julia child, mastering the art of french cooking, julie powell, french cuisine

Getting to Know Jessica

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“I was 32 when I started cooking. Until then, I just ate.” – Julia Child

 When I was born, I weighed a whopping 10 lbs. 7 oz. (the nurses called me “Jumbo Jessica” – tell me that doesn’t give you a lifelong self-image complex!), and I came into this world HONGRY. Within two weeks I was on rice cereal, and before I was really walking I could finish off an entire piece of fish. To put it literally, I have always loved food.

Here’s the thing about me and food – it’s not just that I love to eat (and boy, do I!), but more importantly, I love how it brings people together – families around dinner tables, friends at parties, co-workers in the break room. It helps us celebrate, it comforts us and heals us and, most of all, it fuels our bodies – and our psyche.

Cheesesteak in Philadelphia

Because food touches all of our senses, it has this strong, subtle power of triggering our memories. I can’t eat a piece of sourdough toast without thinking of the summers I spent with my grandparents in California as a little girl, the salty beach air wafting in through the dining room window. For our honeymoon, Ben and I took a 3-month road trip across the country. We visited all 48 contiguous states and Canada, and stopped at  every major league baseball field and professional football stadium in the country. We saw national landmarks, historical monuments, visited state capitol buildings, toured battlefields – and do you know how I can remember all of the different places we went? By the food that we ate while we were there. I had a Philly Cheesesteak sandwich after seeing the Liberty Bell in Philadelphia; I cracked open a lobster in a small second-story dining room in a restaurant overlooking foggy Bar Harbor; I ate a crabcake sandwich in a little dive on the boardwalk at Virginia Beach while we watched the All-Star baseball game on the bar TV; we bought a hot dog from a sidewalk vendor in Washington, D.C. just before visiting Ford Theater. It’s amazing the lasting impressions food can leave on us. (Of course, I can also remember when I got food poisoning in college after eating a barbecue sandwich and couldn’t even look at brisket for three years, let alone eat it. Ugh.)

So why is it that someone who loves food and loves to eat has yet to master the art of cooking? I think the answer is the fact that there are always easier options. I know. Sad but true. Growing up, the adults in my life did all the cooking. In college, I lived in a girls’ dorm with a community kitchen on the first floor. Did I take advantage of it? Nope. I grabbed my meal card and headed to the Student Center like everyone else. Sure, I used the oven from time to time to bake cookies or brownies…but even those came in a tube or a box. (Oh, dear. I think I just heard Julia Child sigh in disgust.)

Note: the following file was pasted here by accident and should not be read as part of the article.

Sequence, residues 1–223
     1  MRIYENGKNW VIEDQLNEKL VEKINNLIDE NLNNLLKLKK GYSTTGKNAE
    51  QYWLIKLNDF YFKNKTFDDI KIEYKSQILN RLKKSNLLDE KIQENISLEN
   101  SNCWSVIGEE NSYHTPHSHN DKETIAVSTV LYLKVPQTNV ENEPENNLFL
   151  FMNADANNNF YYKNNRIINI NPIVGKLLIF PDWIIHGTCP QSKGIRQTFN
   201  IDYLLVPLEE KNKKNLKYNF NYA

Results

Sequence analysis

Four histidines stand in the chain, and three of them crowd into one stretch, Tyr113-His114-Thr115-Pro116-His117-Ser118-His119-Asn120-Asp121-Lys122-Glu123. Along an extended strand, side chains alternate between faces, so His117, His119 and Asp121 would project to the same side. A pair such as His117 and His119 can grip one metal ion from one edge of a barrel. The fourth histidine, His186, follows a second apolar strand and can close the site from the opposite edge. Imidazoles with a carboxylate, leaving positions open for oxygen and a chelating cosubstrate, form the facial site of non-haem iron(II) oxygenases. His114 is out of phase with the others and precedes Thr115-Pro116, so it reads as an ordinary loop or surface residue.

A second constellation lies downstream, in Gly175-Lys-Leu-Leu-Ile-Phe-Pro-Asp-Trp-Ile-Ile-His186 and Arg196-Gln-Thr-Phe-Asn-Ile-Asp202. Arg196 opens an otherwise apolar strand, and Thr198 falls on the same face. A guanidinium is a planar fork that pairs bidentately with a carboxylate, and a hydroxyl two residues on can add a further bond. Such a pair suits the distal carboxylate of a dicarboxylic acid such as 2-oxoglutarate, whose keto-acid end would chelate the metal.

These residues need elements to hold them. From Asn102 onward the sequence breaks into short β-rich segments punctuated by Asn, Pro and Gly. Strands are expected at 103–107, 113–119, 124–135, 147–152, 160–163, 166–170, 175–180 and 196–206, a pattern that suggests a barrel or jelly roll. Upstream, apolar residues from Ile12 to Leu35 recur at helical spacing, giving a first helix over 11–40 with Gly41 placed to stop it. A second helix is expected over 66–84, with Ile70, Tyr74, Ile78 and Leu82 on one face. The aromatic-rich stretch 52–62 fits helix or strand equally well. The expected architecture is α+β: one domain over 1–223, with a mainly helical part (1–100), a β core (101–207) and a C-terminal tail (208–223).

Maine Lobster in Bar Harbor

After college, I was thrilled to move into my first apartment and felt that this was really my chance to make something of myself in the kitchen. Only I soon discovered that my oven and my smoke detector were working in tandem and plotting against me. Every time I opened the oven door to pull something out, the heat from the oven would set off the smoke detector – whether the food was burnt or not. So eventually I learned that the only way to cook anything without alerting the entire building was to open the back door to my patio before opening the oven door. As you can imagine, this practice grew old, and while I was able to live off of pan-fried chicken breasts and steamed broccoli, I never did fulfill my dream of becoming the Betty Crocker I thought I could be.

But now things have changed. For starters, I’ve recently bought a house – with a real, full-sized kitchen! – and I am determined to learn how to make the most of it. It has a gas stove (which, I have to admit, I was terrified to use for the first few weeks until Ben demonstrated that I really and truly would not blow up the house in an explosion of blue flames) and an oven that actually works as it should. I have cabinets and counter space and a pot rack, and I have an arsenal of utensils and machinery. (A dough hook! I own a dough hook!) But the biggest difference of all is that now, I have the hunger of a challenge burning in my belly. I have the accountability of this blog and the support of my friends and family (and readers! I have actual readers!) to keep me on track.

Of course, the promise of a trip to Paris doesn’t hurt, either.

So here we are, just over a week away from attempting our first Julia Child recipe and a line has been drawn in the proverbial sand(wich). There are no more easy outs. No more meal cards. No more excuses. From here on out, it’s just me, Julie and Julia – and our love of food.

-Jumbo Jessica

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One Response to “Getting to Know Jessica”

  1. Melanie Ridings says:

    Good Morning Sunday, July 25th! Great entry for the first entre’ – brave girl using ‘jumbo’; of course, that could work in your favor in order to remember of what you don’t want to be? So do tell, what are you planning on cooking first? Can’t wait to follow! I guess my next question is do you have good knives? Please send me an email – Good Luck on this venture! Its going to be a blast! Have fun! Love, Chef MJR

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